The term “useful idiots”, most commonly attributed to Lenin to describe Soviet sympathisers in the West, has never been more appropriate this morning than in describing those who give public support to the hooligans causing criminal damage in Edinburgh in the cause, they claim, of averting climate change.
Supporting a malign cause in the mistaken belief that it is a force for good when common sense should suggest the opposite is a common feature of the deluded in our midst and nowhere is this better demonstrated than when the words “climate change” are mentioned. Simply uttering them apparently justifies any action, no matter how daft or how violent.
Yesterday, and in no particular order, saw some nutters – although they prefer the term “activists” – superglue themselves to the car park at Royal Bank of Scotland offices, whilst others climbed onto the roof of Forth Energy’s HQ, and two chained themselves to the front of the building. Windows had been previously smashed at RBS’s head office at Gogarburn, which has seen a Climate Camp – so-called – installed outside for several days now.
An “oil slick”, using molasses, was created outside Cairn Energy’s office in Lothian Road and similar, but much more dangerous, slicks were also poured onto the main A720 and A8 roads. And a Clydesdale Bank branch was spray-painted.
Whilst superglue was also used to stick protestors together on a bridge over the A8 , at the Port of Leith and at other RBS premises near the Gyle Shopping Centre, the mystery to me was why the police bothered to remove them. The nights are fair drawing in and I’m sure our committed friends would have been happy to stick it out as the winds of autumn arrive.
There is no doubt that these sorts of earnest “eco-warriors” are all rather seriously deluded, not to mention the fact that these modern day Luddites are the very definition of hypocrisy. You can lay very good odds that most of these protesters did not walk to the protests, that they are wearing clothing that is made of modern oil derived synthetics, that they live in houses heated with fossil fuelled energy and I think that it is also a pretty good bet that the majority of them are more than happy to get on a jet plane to travel to the sunny places of Europe for indulgent holidays.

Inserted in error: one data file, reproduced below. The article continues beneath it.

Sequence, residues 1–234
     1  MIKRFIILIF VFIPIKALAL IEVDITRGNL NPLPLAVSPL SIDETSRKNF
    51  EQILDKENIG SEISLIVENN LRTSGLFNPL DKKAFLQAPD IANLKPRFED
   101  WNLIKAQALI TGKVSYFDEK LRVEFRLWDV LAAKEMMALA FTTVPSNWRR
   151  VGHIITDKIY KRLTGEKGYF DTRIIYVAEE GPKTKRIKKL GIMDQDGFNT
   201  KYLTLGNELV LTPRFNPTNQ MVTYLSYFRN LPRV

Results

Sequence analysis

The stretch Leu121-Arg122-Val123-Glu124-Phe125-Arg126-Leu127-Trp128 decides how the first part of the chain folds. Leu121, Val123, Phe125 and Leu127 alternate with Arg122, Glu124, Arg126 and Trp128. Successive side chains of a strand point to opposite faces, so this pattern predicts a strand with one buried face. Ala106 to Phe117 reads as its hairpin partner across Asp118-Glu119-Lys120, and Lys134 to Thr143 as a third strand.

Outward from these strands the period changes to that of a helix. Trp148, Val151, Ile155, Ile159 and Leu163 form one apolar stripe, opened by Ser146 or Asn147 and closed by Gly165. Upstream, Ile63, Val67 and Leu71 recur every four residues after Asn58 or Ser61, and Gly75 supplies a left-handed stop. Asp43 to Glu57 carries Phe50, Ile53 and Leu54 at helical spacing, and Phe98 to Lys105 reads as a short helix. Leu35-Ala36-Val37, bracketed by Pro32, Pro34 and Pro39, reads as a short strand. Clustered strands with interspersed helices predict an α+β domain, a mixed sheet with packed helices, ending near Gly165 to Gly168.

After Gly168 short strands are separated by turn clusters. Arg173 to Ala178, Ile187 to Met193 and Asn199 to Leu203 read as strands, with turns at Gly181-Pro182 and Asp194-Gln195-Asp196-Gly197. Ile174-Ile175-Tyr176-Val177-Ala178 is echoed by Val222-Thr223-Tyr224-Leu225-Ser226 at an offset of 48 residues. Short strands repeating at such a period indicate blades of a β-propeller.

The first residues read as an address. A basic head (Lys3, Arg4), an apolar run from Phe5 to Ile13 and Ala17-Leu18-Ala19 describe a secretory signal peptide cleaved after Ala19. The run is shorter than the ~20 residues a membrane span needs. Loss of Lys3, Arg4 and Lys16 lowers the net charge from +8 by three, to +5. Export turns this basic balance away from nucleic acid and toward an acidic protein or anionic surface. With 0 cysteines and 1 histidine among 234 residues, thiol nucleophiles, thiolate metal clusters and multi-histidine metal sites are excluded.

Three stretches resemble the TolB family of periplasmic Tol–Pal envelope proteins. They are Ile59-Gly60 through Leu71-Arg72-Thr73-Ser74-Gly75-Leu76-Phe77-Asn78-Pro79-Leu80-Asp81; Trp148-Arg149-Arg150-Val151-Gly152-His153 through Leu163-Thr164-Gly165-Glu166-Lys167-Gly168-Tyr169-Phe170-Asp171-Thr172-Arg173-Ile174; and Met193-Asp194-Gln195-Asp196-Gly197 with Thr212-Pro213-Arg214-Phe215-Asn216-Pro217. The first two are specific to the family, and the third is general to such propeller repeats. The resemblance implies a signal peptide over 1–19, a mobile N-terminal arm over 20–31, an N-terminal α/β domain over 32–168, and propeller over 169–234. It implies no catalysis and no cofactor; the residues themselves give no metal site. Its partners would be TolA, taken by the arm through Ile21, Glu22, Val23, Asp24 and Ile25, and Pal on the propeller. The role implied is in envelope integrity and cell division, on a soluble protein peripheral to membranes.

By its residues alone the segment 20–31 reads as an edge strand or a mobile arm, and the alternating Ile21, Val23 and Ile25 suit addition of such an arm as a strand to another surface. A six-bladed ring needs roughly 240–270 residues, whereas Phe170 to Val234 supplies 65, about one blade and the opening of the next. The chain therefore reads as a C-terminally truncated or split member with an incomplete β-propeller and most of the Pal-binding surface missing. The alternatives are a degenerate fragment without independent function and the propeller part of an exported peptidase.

Yet our very own Antipodean “useful idiots” are wildly celebrating the fact that they have convinced enough of our voters to endorse them for the senate so that they will hold the balance of power after next June but the one thing that they don’t realise is that once they have to deliver outcomes rather than just making pious platitudes to Gaia is the moment that their road begins to get rather more rocky. Its very easy to enthuse the young and naive , to get them to chant the idiotic slogans (or even to believe them) but its oh so much harder to make their policies actually work.
The disconnect between reality and Greens policy is so well demonstrated by the claims made by Bob Brown the other day when questioned about his desire to impose a carbon tax. The Liberals and all sensible people realise that if you levy a tax on energy that it will be the consumers who end up paying that tax through increased energy prices. But we were shown Bob Brown insisting that it would only be “the big polluters” who will pay as if any increase in costs from a new tax would not be passed on. The sad thing is that I think that Brown actually believes his own propaganda.
Sadly so do the voters who have delivered the balance of power in our senate to these”useful idiots” but I expect that time will do to the Greens precisely what it did to the Democrats, but I suspect that it won’t take anywhere near as long as it did for that other ill fated minor party.